The trial, expected to last a week, is the first murder trial held in Chesterfield County without any evidence of the victim’s body. Former boyfriend Michael Anthony Edwards, who has pleaded not guilty, is charged with Namiranian’s murder.
Namiranian, an executive at Altria, was last seen leaving work on the evening of April 4, 2012.
Though Edwards was not charged for her murder until over three years since she was last seen, police announced early in the investigation that Edwards' phone records placed him on Robious Road, near Namiranian’s home, the night before she was reported missing.
The jury, composed of seven men and seven women, heard from several witness Tuesday morning.
Woman who called for welfare check testifies
Celes Glover, an executive assistant to the senior vice president of marketing, who worked with Namiranian, testified.
Glover, employed by Altria for 18 years, described Namiranian as a hard worker, who had pleasant interactions but mostly kept to herself.
She said she was always in early and stayed late.
When Namiranian didn't show up for an important meeting on April 5, 2012, Glover called her work cell, personal cell, and home phone. She testified that it would ring a few times and other times ring, and then disconnect.
Glover called the Chesterfield County Police Department for a welfare check.
The responding sergeant said they had a look inside her home, and could see that her car was in the driveway, the car keys were inside, along with a work bag, and things appeared untouched overall.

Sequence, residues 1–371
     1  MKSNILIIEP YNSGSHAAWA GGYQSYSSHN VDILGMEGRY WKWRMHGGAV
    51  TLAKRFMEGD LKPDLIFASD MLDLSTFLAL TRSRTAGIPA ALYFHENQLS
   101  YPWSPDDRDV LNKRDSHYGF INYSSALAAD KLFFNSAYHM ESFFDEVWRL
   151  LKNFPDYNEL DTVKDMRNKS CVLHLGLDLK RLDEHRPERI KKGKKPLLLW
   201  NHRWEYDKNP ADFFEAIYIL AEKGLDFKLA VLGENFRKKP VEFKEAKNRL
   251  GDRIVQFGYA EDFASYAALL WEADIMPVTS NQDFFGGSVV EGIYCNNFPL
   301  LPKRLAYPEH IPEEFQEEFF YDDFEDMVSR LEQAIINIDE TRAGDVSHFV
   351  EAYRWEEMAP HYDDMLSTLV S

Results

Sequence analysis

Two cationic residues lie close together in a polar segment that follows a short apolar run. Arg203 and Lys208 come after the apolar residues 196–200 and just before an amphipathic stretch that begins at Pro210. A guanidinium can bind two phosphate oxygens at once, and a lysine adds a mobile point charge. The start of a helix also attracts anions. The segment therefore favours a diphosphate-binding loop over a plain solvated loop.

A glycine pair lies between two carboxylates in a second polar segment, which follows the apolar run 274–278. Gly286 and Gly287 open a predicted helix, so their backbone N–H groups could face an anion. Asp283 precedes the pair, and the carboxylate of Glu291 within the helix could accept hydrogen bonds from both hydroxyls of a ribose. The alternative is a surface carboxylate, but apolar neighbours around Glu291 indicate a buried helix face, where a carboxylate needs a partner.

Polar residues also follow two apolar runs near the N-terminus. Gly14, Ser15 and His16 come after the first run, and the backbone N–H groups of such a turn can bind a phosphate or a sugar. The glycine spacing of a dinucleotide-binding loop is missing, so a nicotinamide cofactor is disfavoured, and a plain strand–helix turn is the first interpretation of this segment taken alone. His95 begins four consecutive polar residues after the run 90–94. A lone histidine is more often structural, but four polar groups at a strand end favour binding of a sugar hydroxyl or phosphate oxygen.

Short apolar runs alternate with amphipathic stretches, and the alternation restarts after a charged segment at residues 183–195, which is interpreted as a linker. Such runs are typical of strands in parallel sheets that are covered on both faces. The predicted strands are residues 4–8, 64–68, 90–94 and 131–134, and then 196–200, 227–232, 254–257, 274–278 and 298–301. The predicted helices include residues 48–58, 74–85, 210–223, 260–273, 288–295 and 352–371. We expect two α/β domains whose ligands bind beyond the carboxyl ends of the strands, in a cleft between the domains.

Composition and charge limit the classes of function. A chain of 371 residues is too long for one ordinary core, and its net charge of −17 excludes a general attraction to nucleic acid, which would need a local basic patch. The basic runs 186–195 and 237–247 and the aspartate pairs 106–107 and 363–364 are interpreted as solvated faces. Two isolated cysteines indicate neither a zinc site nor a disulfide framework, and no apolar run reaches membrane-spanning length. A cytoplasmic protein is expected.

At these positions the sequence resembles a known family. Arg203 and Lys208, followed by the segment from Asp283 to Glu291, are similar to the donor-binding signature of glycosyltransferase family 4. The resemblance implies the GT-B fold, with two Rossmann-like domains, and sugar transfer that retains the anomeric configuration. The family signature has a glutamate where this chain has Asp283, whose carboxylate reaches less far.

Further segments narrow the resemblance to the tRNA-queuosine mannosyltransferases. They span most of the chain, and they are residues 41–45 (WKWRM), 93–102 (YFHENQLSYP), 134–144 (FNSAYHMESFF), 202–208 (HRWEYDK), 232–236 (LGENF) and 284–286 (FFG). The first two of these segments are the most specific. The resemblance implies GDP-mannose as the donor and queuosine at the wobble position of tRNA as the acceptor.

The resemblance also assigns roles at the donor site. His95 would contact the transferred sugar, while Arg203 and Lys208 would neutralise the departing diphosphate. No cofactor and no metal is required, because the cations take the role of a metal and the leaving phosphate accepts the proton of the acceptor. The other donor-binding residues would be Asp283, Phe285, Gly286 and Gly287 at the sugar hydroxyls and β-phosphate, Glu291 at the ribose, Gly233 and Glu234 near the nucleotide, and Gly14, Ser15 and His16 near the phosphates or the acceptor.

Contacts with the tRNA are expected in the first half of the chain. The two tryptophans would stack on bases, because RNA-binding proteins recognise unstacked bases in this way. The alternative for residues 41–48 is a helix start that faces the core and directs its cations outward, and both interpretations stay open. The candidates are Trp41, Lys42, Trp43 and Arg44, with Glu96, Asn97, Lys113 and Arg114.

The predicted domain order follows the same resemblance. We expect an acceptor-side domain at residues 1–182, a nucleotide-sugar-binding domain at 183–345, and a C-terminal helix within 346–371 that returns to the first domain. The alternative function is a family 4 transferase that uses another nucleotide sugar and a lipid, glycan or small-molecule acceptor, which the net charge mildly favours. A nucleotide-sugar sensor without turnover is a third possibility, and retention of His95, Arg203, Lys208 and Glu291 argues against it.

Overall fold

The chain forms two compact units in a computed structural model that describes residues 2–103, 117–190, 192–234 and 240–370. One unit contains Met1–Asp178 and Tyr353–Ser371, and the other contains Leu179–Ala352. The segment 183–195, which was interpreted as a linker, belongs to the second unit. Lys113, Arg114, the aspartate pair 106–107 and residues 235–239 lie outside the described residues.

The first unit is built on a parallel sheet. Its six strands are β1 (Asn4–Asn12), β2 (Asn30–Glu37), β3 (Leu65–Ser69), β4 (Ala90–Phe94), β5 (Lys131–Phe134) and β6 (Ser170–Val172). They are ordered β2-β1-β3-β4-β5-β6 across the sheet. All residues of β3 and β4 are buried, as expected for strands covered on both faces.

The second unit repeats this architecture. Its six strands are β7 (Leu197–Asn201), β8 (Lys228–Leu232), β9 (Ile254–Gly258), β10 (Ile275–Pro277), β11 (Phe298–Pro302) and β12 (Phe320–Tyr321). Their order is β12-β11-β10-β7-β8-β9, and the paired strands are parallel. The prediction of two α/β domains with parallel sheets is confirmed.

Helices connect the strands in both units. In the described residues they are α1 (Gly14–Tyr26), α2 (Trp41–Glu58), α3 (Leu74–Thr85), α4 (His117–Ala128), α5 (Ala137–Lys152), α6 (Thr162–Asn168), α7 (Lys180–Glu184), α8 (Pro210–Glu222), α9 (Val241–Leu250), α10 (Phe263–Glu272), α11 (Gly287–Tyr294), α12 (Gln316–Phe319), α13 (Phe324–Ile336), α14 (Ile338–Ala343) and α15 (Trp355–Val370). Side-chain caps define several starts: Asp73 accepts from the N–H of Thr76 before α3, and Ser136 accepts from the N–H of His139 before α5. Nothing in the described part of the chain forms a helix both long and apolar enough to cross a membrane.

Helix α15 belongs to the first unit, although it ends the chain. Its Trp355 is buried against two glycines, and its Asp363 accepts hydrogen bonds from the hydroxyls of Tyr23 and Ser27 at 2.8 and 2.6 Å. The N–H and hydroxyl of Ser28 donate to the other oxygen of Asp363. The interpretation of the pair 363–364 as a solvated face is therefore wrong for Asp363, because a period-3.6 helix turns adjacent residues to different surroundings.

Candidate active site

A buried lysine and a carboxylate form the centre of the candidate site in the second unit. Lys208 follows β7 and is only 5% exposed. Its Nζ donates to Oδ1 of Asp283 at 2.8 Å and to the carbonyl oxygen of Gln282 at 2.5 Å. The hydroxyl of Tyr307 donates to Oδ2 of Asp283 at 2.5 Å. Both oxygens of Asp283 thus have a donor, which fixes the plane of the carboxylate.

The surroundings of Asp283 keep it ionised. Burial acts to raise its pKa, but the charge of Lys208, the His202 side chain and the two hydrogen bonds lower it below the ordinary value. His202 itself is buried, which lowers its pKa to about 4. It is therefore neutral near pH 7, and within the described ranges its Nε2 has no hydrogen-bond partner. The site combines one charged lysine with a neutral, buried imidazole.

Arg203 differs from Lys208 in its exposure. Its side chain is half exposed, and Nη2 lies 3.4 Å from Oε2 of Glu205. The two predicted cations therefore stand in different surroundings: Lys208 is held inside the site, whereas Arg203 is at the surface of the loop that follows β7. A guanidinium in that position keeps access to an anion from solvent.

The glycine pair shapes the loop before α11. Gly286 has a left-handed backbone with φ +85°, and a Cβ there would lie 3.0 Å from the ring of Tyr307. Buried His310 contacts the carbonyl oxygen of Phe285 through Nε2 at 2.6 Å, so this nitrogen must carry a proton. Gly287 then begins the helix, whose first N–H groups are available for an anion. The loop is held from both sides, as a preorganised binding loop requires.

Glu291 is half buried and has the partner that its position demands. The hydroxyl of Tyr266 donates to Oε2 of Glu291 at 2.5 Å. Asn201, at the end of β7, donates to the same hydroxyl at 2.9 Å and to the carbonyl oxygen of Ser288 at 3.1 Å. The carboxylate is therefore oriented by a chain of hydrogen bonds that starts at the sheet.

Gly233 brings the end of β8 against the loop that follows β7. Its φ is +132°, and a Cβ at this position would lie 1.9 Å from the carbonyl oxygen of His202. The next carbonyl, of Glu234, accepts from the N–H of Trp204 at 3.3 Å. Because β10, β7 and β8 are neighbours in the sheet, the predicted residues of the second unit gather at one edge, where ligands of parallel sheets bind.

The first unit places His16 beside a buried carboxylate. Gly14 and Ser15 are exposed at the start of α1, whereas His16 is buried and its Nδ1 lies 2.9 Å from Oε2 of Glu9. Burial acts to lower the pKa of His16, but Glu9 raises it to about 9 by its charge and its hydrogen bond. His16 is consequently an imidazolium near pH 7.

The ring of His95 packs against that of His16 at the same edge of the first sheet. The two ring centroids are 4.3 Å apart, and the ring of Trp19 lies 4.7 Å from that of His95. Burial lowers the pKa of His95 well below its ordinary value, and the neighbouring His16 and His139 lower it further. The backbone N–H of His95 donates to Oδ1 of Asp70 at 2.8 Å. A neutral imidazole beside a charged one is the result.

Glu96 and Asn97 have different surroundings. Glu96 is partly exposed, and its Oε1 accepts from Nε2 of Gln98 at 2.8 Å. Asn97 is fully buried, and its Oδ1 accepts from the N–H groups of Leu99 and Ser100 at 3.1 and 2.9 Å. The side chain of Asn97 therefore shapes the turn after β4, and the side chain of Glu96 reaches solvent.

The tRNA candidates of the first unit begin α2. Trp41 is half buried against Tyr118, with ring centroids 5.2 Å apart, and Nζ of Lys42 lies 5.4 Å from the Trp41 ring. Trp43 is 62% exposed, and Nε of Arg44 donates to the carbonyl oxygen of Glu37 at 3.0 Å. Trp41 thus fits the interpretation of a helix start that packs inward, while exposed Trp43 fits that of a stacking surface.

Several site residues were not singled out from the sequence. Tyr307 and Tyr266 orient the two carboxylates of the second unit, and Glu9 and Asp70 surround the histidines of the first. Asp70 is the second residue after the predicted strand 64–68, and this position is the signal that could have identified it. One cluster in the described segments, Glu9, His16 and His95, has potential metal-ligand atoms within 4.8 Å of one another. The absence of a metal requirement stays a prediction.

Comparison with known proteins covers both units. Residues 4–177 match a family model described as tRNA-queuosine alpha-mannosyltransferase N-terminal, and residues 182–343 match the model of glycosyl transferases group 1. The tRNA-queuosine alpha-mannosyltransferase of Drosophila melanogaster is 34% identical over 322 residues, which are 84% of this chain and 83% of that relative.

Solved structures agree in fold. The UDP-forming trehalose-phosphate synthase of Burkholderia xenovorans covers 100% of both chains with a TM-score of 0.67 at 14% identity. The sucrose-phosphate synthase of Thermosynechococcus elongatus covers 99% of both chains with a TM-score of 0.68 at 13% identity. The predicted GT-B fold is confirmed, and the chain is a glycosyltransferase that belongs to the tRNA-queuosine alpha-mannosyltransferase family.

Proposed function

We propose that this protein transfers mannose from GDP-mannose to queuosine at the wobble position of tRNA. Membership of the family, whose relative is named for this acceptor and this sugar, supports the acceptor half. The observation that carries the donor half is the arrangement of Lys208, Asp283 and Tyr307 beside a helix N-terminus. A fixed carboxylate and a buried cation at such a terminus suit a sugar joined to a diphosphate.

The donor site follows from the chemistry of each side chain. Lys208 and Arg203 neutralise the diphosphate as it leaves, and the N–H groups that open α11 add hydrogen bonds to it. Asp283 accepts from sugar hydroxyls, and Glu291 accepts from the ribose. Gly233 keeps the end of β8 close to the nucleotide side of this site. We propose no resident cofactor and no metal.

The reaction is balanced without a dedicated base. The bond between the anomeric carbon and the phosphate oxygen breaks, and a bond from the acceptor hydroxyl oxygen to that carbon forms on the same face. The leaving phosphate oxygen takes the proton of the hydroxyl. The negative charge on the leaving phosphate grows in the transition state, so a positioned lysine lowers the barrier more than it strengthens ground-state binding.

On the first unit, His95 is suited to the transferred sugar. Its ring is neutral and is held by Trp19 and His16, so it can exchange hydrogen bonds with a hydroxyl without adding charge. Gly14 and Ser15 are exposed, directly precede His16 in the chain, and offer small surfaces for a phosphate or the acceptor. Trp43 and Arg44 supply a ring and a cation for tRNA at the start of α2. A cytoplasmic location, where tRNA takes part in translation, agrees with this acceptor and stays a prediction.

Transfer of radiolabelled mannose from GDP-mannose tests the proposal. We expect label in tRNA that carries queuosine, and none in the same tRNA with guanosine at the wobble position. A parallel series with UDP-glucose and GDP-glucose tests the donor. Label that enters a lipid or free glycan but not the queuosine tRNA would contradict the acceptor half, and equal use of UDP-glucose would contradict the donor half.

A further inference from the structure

The only things apparently missing were her pocketbook and two cell phones.
During cross examination, the defense asked if Glover was unaware that Namiranian was unhappy at her job and had gone to human resources about their boss.
Former boss testifies, acknowledges personal relationship
Peter Paoli testified that he had a personal relationship with Namiranian and that the two had been out socially on several occasions.
He testified that he had dinner at Namiranian's home the night she went missing, and had been to her home in the past. On the night of her disappearance, Paoli said the two talked about his battle with cancer, and that they shared a common bond because Leyla had recently lost her mom to cancer.
He said during dinner, Leyla appeared to be nervous, getting up from the table, checking the front door and looking at her phone periodically.
Paoli said the two were intimate that night. He left, and traveled to a funeral the next morning, and returned that evening.
He said it wasn't until two days later that he learned from his assistant that Leyla was reportedly missing.
Paoli testified that he called Leyla twice, and left her voicemails, but he never heard back from her. He contacted police and told them about that night the two were together.
Detectives wanted to question Paoli. He said he wanted to cooperate. After he hired his attorney Steven Benjamin, Paoli was granted immunity. He was questioned by detectives two years after Leyla's disappearance.
Best friend testifies of Edwards jealous nature
Namiranian's close friend and colleague, Kimberly Pugh, told the jury she met her in 2005. She described Leyla as a workaholic, dedicated to her job at Altria.
Pugh said the two went shopping, to the movies, dined at local restaurants, and took occasional weekend trips together.